Diabetes and Preventing Falls: Care Instructions

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Your Care Instructions

If you are an older adult who has diabetes, you may have a higher risk of falling. Complications of diabetes-such as nerve damage, foot problems, and reduced vision-may increase your risk of a fall. Some of your medicines also may add to your risk.

By making your home safer, you can lower your risk of falling. Doing things to prevent diabetes complications may also help to lower your risk.

You can make your home safer with a few simple measures.

Follow-up care is a key part of your treatment and safety. Be sure to make and go to all appointments, and call your doctor or nurse call line if you are having problems. It's also a good idea to know your test results and keep a list of the medicines you take.

How can you care for yourself at home?

Taking care of yourself

  • Keep your blood sugar at a target level (which you set with your doctor).
  • Exercise regularly to improve your strength, muscle tone, and balance. Walk if you can. Swimming may be a good choice if you cannot walk easily.
  • Have your vision checked as often as your doctor recommends. It is usually once a year or more often if you have eye problems.
  • Know the side effects of the medicines you take. Ask your doctor or pharmacist whether the medicines you take can affect your balance. Sleeping pills or sedatives can affect your balance.
  • Limit the amount of alcohol you drink. Alcohol can impair your balance and other senses.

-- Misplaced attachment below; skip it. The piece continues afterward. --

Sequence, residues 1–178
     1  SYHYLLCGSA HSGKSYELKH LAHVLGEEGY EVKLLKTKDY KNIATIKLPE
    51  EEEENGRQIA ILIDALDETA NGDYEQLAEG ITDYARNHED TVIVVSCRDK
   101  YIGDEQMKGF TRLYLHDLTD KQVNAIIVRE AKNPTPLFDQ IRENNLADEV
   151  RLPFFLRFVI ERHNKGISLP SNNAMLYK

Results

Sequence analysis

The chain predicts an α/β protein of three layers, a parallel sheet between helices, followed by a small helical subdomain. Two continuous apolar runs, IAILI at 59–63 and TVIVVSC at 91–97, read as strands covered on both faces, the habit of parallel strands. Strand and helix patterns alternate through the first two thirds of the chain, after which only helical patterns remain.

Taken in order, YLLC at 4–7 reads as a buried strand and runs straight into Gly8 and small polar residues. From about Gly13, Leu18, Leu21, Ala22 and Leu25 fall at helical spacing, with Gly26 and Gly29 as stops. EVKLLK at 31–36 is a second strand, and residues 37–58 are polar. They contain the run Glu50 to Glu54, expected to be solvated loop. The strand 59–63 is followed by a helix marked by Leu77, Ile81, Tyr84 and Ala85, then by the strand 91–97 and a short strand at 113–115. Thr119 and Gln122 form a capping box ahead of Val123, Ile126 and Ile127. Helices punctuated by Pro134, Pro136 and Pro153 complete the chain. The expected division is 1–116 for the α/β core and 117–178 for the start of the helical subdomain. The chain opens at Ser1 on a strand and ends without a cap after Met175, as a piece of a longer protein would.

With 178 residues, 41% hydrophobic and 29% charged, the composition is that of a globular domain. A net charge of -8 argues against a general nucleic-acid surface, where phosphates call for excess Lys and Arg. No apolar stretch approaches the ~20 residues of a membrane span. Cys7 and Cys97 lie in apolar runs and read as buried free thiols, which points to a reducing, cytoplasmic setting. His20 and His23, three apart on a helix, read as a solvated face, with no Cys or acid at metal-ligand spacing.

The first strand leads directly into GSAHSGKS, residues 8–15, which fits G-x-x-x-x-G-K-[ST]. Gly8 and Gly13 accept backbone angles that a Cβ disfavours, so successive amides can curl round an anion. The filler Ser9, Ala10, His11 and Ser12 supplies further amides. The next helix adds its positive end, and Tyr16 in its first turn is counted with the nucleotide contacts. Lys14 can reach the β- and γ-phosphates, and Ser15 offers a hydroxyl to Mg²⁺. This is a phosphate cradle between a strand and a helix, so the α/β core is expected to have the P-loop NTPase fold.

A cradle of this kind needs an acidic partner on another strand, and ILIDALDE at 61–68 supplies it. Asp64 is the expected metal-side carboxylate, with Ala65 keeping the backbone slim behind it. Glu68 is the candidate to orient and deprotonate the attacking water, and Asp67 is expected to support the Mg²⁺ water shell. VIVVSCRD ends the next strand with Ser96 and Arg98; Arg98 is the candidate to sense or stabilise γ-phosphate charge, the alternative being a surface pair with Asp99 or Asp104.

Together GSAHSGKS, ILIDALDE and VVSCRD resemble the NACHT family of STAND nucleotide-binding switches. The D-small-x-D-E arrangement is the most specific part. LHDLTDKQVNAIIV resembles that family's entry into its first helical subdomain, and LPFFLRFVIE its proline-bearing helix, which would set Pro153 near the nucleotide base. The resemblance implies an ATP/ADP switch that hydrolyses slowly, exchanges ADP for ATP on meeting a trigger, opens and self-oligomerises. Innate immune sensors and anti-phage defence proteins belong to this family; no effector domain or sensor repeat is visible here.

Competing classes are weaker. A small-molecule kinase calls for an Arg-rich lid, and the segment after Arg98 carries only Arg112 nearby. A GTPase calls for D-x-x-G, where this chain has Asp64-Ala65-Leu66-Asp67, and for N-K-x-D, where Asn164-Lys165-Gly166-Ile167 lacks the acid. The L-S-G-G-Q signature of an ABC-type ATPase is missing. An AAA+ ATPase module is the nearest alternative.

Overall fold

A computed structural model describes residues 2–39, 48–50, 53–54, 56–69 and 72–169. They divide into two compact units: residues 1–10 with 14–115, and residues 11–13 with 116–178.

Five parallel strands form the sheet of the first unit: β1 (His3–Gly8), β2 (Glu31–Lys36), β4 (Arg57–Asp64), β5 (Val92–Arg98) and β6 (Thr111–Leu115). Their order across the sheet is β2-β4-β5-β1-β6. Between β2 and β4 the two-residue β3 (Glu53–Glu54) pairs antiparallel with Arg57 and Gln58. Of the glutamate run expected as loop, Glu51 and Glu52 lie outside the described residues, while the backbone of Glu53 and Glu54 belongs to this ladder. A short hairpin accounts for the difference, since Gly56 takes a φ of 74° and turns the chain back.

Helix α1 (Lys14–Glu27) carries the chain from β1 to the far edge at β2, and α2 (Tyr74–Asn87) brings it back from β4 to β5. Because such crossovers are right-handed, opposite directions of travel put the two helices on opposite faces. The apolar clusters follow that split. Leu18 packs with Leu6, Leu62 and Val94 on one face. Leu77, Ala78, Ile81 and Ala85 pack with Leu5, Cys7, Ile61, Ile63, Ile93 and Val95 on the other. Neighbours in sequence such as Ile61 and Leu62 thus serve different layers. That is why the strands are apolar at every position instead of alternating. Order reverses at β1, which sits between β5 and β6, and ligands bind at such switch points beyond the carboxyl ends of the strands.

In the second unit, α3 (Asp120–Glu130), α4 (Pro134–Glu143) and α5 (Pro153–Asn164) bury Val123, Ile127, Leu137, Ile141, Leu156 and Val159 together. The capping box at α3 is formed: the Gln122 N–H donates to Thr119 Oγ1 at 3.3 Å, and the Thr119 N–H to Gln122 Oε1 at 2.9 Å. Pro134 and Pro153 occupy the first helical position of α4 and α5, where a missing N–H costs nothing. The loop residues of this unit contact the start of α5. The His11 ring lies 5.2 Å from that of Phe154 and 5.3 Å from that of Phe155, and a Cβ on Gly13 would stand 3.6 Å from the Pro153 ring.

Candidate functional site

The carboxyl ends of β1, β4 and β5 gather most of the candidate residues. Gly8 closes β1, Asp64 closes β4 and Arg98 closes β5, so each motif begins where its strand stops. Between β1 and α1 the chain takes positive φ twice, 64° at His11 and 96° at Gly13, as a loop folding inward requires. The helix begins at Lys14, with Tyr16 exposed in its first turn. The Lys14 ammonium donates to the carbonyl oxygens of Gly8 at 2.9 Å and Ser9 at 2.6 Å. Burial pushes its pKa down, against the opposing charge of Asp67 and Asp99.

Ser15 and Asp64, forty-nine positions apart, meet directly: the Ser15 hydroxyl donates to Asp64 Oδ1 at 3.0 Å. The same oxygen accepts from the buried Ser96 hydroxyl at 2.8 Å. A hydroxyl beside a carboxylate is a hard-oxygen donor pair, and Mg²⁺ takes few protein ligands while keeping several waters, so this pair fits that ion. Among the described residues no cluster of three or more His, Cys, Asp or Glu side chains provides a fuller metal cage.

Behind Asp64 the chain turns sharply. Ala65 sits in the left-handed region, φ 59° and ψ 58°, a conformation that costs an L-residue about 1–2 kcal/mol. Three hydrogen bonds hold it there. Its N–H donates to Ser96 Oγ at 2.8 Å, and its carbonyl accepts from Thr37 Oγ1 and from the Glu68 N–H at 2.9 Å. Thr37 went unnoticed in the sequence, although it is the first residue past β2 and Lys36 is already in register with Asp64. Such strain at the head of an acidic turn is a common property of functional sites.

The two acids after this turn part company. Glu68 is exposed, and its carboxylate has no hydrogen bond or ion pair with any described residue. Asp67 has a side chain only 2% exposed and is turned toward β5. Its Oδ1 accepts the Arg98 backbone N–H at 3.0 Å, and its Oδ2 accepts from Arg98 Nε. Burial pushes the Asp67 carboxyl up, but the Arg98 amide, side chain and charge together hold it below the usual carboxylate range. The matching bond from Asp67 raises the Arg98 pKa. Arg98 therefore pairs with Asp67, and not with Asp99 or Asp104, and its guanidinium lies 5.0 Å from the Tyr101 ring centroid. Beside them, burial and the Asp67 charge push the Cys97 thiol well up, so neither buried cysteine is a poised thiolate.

• Have your doctor check your feet during each visit. If you have a foot problem, see your doctor.

Preventing falls at home

  • Remove raised doorway thresholds, throw rugs, and clutter. Repair loose carpet or raised areas in the floor.
  • Move furniture and electrical cords to keep them out of walking paths.
  • Use non-skid floor wax, and wipe up spills right away, especially on ceramic tile floors.
  • If you use a walker or cane, put rubber tips on it. If you use crutches, clean the bottoms of them regularly with an abrasive pad, such as steel wool.
  • Keep your house well lit, especially stairways, porches, and outside walkways. Use night-lights in areas such as hallways and washrooms. Add extra light switches or use remote switches (such as switches that go on or off when you clap your hands) to make it easier to turn lights on if you have to get up during the night.
  • Install sturdy handrails on stairways. Put grab bars near your shower, bathtub, and toilet.
  • Store household items on low shelves so that you do not have to climb or reach high. Or use a reaching device that you can get at a medical supply store. If you have to climb for something, use a step stool with handrails, or ask someone to get it for you.
  • Keep a cordless phone and a flashlight with new batteries by your bed. If possible, put a phone in each of the main rooms of your house, or carry a cell phone in case you fall and cannot reach a phone. Or you can wear a device around your neck or wrist. You push a button that sends a signal for help.
  • Wear low-heeled shoes that fit well and give your feet good support. Use footwear with non-skid soles. Check the heels and soles of your shoes for wear. Repair or replace worn heels or soles.
  • Do not wear socks without shoes on wood floors.
  • Walk on the grass when the sidewalks are slippery. If you live in an area that gets snow and ice in the winter, sprinkle salt on slippery steps and sidewalks.

Where can you learn more?

Go to https://www.healthwise.net/patientEd

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